Have I mentioned how much I hate the over use of the Body Mass Index, especially in children (but really pretty much for everybody)? I do. I really do. I am constantly amazed at how it seems to take away all logical thought when it comes to the issue of weight from otherwise rational people.
Yesterday the girls had a doctor's appointment and I actually really like the office and the doctors . There was one thing that had me resisting the urge to roll my eyes, however. The doctor and I had to have a talk about Sadie's weight. You see, her BMI, she said, puts her in danger of becoming overweight.
Now if she'd actually glanced at the child sitting in front of her she would have seen someone who looks like this:
I'm not sure what the definition of "overweight" is these days, but I'm pretty sure she doesn't fall anywhere in that category or "in danger" of that category.
It meant that we had to have a talk however, about how I need her to "exercise" more and stop giving her "sugary junk foods."
And that was simply too much for me. I shook my head: "These kids run around constantly. They run around all day long." "But the sugary junk foods?" She asked. "No." My tone was adamant. "Our diet is pretty 'crazy.' The baby has allergies and as a result we went on an elimination diet and cut out pretty much everything that wasn't healthy. Our diet is incredibly healthy." I later clarified that we eat mostly meats and fruit and vegetables. And grains and things like that rarely, since wheat seems to make Mae break out in rash and scream for hours on end.
It wasn't like our diet was "unhealthy" before anyways. It just involved more casseroles and grains and dairy. And I occasionally used canned soups to help make sauces instead of making 100% of our food from scratch like I have for the past four months.
I'll admit that as a result of these type of conversations (which I have every time my kids are measured by a medical professional because apparently no one can actually look at the kids and see that they're muscular and thin) I find myself rolling my eyes every time the first ladies fitness campaign comes on.
Having lived on a very fixed budget I can say that I don't think the nations health crisis is rooted in this idea that people don't know the difference between healthy food and unhealthy food. I think the vast majority of people do know that chips and soda are junk foods and apples and oranges are healthy. However healthy food isn't cheap. Our food budget was always tight. Now it's "let's find 21 different uses for those dried beans in the pantry!" tight for the last week of my meal plan (I'm actually getting better at spacing the bean meals out throughout the month now that I've realized what a price difference there is when you cut out grains as the primary source of calories). It's a struggle for me to figure out (although I do like the challenge and I'll admit it feels good when I finally make it work), and I'm pretty much a compulsive planner when it comes to our shopping list.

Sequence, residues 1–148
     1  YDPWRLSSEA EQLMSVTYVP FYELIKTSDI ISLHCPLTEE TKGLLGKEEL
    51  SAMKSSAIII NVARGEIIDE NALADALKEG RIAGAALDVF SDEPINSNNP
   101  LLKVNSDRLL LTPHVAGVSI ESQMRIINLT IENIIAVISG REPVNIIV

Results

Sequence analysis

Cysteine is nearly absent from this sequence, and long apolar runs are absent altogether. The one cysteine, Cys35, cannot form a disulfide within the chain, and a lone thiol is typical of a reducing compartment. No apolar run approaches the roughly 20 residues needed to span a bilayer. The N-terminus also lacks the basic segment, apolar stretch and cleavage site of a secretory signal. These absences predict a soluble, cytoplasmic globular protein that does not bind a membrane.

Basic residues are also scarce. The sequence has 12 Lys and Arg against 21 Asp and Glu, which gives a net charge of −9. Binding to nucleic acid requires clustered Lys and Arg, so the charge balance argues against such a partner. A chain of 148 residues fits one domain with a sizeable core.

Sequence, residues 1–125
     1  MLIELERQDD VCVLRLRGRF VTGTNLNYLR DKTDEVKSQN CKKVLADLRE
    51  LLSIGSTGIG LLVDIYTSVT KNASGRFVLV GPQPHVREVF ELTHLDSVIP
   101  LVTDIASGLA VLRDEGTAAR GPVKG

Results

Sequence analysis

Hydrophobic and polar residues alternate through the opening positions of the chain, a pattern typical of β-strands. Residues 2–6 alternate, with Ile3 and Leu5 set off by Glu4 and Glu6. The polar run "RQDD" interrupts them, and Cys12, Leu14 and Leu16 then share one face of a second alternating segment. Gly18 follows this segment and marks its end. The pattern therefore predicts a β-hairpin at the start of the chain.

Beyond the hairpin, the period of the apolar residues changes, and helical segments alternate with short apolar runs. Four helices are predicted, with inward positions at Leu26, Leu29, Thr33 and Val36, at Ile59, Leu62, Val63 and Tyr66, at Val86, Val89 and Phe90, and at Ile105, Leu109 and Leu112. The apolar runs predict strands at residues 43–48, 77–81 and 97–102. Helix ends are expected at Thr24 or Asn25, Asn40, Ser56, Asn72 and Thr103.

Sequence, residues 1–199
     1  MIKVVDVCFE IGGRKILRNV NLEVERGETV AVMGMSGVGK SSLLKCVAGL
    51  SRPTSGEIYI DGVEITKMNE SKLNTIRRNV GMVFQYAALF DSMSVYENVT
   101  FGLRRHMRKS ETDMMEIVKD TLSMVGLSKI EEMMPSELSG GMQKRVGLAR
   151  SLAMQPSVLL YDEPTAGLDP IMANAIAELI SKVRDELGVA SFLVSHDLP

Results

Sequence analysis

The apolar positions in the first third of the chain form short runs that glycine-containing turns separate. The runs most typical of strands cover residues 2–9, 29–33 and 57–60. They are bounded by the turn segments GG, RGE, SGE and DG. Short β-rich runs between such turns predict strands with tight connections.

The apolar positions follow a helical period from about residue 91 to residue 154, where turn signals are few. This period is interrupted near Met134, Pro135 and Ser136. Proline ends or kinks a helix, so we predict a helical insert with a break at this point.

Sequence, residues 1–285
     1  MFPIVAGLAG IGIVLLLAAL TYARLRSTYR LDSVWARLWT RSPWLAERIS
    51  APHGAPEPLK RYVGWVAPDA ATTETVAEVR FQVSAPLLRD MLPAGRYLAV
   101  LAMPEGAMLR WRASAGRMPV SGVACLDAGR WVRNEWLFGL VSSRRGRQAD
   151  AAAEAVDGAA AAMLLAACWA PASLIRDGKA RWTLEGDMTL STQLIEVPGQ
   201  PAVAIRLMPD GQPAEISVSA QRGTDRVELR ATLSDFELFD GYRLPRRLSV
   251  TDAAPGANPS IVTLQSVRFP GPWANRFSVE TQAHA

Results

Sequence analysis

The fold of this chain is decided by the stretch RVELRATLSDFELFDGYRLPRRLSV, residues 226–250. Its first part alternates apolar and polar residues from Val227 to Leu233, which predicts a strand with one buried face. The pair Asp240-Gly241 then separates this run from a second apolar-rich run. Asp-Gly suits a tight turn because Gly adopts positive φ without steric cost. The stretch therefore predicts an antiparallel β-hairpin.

It would be cheaper and easier to shop off the dollar menu at McDonald's. And a lot of people don't have access to a car to drive across town to get to a shopping area with somewhat reasonably priced produce. So I always sort of wince when I hear tirade after tirade that seemed aimed at how people don't know what healthy is. I think most people know that an apple is healthier than a candy bar. But it's way cheaper to fill up your cart and your stomach with those less healthy calories.
On a different note, I do worry about those kids like Sadie, who hear their doctor say they're "overweight" or "in danger of being overweight" every time they go in to the doctor's office. If we don't want a nation of anorexic teenagers, we might want to look up from the BMI chart and evaluate whether the child is actually overweight at all, or if they're all knees and elbows and ribs, before we actually say they're overweight out loud.
Every time I have this conversation I can't help but think that common sense doesn't seem all that common anymore!